Whether you’re an investor, a broker, or someone who wants to buy a home for personal use, buying a house is a long process. That means you need to do as much due diligence as possible to ensure that you’re making a sound investment — rather than one that will bleed you dry and leave you worse off than when you started.
That’s why knowing what to look for in a home is essential. Knowing a home’s fair market value is even more critical to ensure you’re not overpaying. So what is the fair market value (FMV) and how do you calculate it?
What is Fair Market Value (FMV)?
Fair market value is the value of a property as determined by the marketplace as opposed to being determined by an individual.
The technical definition, according to the Internal Revenue Service (IRS), is “the price at which the property would change hands between a willing buyer and a willing seller, neither being under any compulsion to buy or sell and both having reasonable knowledge of relevant facts.”
Four basic components go into determining fair market value:
- Cost or selling price – The price a buyer and seller agree upon based on their reasonable knowledge of the property and current market trends.
- Sales of comparable assets – Typically called a comparative market analysis, this is an analysis of similar properties in the area.
- Appraisal (or expert opinion) – The fair market value of the property (FMV) according to an appraisal report.
- Replacement cost – The cost to buy or build a similar property or asset.
Once you have these four components, you can determine the fair market value of your home or property. By doing this, you can identify the most profitable neighborhoods to invest in over time.
What Is Fair Market Value Used For?
Fair market value is used to determine the price or price range at which a home will sell when working with a buyer or seller. This is done to devise a listing or offer strategy.
Appraisers also use fair market value estimates in appraisal reports when a homeowner wants to refinance. It’s completed during the home-buying process when the financing process begins. The appraisal report is the most common way to find the fair market value of a home or property.
But it’s not only real estate agents and appraisers that use fair market value estimates. Attorneys, insurance companies, and government officials use fair market value estimates in various scenarios, including death, divorce, loss from a natural disaster, and eminent domain.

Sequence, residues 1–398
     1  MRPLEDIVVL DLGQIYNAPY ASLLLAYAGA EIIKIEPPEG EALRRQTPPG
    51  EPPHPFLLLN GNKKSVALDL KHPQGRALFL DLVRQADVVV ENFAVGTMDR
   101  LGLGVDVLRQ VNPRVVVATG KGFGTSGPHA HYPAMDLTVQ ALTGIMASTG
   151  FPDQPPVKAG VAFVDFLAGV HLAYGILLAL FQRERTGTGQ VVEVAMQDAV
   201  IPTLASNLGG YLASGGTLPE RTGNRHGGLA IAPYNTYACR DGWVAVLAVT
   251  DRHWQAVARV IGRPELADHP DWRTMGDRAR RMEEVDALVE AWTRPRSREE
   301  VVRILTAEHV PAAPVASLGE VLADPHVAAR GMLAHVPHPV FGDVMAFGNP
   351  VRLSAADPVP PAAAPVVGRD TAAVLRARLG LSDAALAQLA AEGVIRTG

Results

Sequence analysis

Agents and appraisers typically narrow their list of comps by researching active, under contract, and sold properties similar in age and size, from the previous 90 days to 180 days. Once the most relevant homes are selected, they usually make adjustments for several factors, such as some of the following:
- Number of bathrooms
- Square footage
- Fireplace vs. no fireplace
- Pool vs. no pool
- Type of garage
- Type of lot (privacy, proximity, view)
Typically, CoreLogic’s Marshall & Swift Residential Cost Handbook is used for looking up the generally accepted range of values for these adjustments.
How Do I Calculate Fair Market Value?
Fair market value can be calculated using a comparative market analysis (CMA) or predictive market analysis (PDA). The CMA is determined by the average value of three or more homes within a certain region. An appraiser might approach determining fair market value by examining a group of homes and factors in any positives or negatives about each property. Doing this helps give a more truthful picture of what the home or property is worth.
Another way to determine the fair market value of a home or property is by using the cost approach. The cost approach It’s typically used when a home is unique and there are not a ton of comps weighing against it.
The cost approach calls for the appraiser to consider the previous sale price of the lot and estimate the cost of construction to replace the home on the property. They usually factor in depreciation and subtract it from the value.
Income Capitalization Approach (IRV)
Another way to calculate fair market value is called the income capitalization approach or, income approach. This approach is typically only used for income or rental properties. This is because it’s based on how much income can be generated from a home or property.
The income capitalization approach uses the income the property generates to determine its market value. The more income a property can generate, the higher its value.
The income approach is usually used in commercial real estate to determine the value of apartment buildings, office buildings, and retail shopping centers.
The income capitalization (IRV) formula is:
Net Operating Income (I) / Capitalization Rate (R) = Property Market Value (V)
Before you can get the value, though, you first have to do three things:
- Estimate the net operating income
- Determine the capitalization rate
- Apply the IRV formula